Innovation doesn’t have to be a mystery. It can be organized and managed by people who are not, themselves, innovators. But management’s usual command and control tools are not sufficient for this task. Innovation emerges from a system whose behavior is non-linear. For this reason, management tools must be flexible and adaptive.

This in-dpeth article applies ideas from Complex Adaptive Systems theory to develop a model for innovation which, in turn, leads to appropriate methods for its management. The article applies the general construct of Axelrod and Cohen to innovation, leading to a clear set of actions managers can take to advance the process.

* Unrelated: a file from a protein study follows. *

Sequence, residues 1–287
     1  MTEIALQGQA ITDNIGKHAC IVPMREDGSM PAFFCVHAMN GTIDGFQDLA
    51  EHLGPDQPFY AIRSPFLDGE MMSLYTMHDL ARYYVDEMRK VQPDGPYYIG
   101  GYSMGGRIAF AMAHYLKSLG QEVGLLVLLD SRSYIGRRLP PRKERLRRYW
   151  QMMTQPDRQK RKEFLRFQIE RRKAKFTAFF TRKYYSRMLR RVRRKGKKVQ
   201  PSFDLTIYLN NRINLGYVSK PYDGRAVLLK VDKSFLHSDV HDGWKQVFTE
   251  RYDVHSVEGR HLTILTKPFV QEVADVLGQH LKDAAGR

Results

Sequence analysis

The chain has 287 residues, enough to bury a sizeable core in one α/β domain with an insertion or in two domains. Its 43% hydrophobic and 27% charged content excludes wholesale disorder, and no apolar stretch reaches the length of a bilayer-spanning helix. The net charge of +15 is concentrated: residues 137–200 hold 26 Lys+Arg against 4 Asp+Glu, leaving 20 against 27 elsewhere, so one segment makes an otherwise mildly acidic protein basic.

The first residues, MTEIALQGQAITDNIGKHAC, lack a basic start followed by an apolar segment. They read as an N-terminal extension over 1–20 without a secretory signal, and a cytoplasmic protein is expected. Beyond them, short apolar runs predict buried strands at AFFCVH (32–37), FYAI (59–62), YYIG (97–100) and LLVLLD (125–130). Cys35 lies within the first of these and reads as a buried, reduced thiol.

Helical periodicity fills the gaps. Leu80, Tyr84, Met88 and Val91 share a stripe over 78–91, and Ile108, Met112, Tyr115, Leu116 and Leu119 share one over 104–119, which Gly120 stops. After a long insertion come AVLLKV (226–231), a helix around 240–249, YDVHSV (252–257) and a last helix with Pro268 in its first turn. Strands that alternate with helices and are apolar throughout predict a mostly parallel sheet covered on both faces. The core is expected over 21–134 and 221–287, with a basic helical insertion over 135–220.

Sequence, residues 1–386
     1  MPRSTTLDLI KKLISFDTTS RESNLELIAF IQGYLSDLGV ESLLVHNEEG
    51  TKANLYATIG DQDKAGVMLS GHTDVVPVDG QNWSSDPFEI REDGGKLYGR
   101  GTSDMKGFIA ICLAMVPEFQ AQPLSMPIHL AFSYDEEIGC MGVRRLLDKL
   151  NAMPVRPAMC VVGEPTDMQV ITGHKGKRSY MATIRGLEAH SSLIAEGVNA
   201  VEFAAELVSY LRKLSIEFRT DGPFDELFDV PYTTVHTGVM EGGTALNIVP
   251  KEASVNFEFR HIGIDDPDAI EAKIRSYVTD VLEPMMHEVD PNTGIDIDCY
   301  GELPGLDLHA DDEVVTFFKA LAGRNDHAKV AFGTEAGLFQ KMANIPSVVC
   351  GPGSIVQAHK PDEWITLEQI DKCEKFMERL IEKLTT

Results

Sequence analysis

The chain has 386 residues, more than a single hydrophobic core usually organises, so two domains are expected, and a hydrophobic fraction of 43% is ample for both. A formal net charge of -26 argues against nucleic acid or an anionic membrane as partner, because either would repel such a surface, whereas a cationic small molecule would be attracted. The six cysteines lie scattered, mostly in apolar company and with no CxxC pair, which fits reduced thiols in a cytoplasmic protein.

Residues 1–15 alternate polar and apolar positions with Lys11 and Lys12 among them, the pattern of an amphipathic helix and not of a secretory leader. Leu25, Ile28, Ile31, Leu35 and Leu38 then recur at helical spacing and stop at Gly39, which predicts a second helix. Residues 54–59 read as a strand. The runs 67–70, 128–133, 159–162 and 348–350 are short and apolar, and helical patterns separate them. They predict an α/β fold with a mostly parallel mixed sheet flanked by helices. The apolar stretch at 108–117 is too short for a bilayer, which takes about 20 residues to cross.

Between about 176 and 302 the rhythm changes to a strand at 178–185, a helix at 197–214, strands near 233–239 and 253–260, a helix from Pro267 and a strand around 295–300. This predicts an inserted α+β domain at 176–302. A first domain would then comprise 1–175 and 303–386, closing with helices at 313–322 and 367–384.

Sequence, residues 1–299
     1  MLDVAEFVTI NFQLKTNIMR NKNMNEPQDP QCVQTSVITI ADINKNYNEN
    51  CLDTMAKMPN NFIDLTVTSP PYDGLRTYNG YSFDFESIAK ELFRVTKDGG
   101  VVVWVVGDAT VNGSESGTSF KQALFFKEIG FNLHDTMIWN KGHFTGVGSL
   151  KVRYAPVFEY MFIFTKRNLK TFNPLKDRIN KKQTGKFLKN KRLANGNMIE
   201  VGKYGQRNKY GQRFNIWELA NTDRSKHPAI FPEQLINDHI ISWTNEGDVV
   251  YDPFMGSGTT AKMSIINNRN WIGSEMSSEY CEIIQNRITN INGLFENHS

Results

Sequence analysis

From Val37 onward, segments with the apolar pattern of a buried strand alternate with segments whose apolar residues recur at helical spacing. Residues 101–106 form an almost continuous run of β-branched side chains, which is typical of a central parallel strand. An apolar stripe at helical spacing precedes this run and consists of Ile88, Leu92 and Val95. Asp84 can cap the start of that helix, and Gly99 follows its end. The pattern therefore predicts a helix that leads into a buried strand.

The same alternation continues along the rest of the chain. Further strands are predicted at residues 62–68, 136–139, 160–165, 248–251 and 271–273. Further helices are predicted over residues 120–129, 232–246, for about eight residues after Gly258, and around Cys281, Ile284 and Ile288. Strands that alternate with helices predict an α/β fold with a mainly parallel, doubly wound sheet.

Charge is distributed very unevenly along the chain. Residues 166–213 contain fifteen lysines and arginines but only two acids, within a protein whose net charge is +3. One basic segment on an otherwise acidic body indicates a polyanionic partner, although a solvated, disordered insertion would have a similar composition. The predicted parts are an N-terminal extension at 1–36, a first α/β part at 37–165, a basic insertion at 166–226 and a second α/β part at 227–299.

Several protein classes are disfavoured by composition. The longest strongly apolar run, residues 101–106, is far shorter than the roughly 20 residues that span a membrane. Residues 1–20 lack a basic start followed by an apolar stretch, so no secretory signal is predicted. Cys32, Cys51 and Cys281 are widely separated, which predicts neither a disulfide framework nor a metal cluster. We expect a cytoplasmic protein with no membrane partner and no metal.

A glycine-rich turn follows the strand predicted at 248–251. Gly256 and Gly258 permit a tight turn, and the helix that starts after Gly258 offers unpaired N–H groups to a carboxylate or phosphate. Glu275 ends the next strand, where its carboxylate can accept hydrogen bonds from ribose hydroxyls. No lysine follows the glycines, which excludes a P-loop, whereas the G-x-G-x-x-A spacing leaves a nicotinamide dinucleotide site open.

About the Author

Harvey Dershin holds an MS in Engineering from the University of California at Los Angeles and is a Master Black Belt in Lean Six Sigma. He has been a Senior Executive in companies large and small and has more than 50 years of experience in engineering, research, and management in commercial, industrial, non-profit and consulting organizations. His publications and presentations span the gamut from basic engineering research to innovation management.